• Mathura Hawley

vows

Updated: Aug 2, 2021


My heart got mugged and beaten senseless last year by a narcissist who had worn me down to a shadow of myself. So it learned how to fight."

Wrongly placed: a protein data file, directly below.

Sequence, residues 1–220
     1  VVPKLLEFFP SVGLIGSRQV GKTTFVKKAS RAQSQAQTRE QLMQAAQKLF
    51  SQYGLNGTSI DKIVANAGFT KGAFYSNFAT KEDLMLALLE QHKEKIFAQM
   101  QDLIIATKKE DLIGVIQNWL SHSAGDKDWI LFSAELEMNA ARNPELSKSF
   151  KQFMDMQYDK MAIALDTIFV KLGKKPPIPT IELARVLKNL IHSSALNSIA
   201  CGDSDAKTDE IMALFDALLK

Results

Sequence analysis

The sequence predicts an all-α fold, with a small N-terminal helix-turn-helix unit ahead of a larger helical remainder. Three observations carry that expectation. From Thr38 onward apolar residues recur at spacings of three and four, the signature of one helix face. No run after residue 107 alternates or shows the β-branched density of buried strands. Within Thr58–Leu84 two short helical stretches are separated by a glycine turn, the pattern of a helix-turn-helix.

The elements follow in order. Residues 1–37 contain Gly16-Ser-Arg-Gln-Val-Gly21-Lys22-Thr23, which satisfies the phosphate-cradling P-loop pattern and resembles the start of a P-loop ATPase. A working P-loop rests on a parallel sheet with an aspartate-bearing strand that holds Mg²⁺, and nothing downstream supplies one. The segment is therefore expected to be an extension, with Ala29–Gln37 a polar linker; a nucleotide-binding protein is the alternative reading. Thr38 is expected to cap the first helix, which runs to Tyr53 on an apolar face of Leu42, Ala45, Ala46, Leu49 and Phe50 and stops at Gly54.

Doctor gloom-and-doom put his iPad down on the table and a slight smile crossed his tight lips. Through the fog that clouded my senses, put there by my fear of an unknown future, and remembering the last news he gave me before I left the hospital: “You may have 5 to 10 years of life left with this,” I tensed for his words. He paused. “You’re doing much better than expected,” he said cautiously, “I think you have a really good chance of an almost full recovery.” He patted my shoulder and left his hand there for a moment. “Go slowly,” he said and walked out. I put on my clothes, went into the sterile white rest room, locked the door, slid down to the floor, and cried. So here I am. My heart got mugged and beaten senseless last year by a narcissist who had worn me down to a shadow of myself. So it learned how to fight. It pumped me awake when I didn’t want to wake up anymore, it took me to the gym every morning when I had to rebuild my self-worth from scratch. It worked stressful week after week when my job and industry were in crisis. It gave a dog who was traumatized by sudden loneliness a good life of exercise and comfort, and in return received all of his silly, wonderful love and affection. My heart worked way too hard and way too long last year to get me through and keep me going and forward, as I was not just surviving, I chose to learn as well. Each Instagram post documented a broken heart in a broken person repairing, struggling, rising, tripping and searching. That is a lot to ask of a heart, and at the end of the year, it wanted a vacation. So it took one at NYU Cardiology, on Valentine’s Day. Why shouldn’t it? It had been terrorized, abused and abandoned, and was peddling a hundred miles an hour up a hill trying to get as far away from that as possible. It deserved a parade in an ambulance through traffic and the full attention of nurses, doctors and friends, cards and flowers. It wanted recognition. So I will honor it now, the way that the person I married promised to do but, of course, never meant a word of it. It’s alright, I’ve got this. Here we go: Thank you all for coming. I, Mathura, vow to love, honor and protect my heart, in sickness and in health, for all the days of my life, until death do us part. Hare Krishna. I do.


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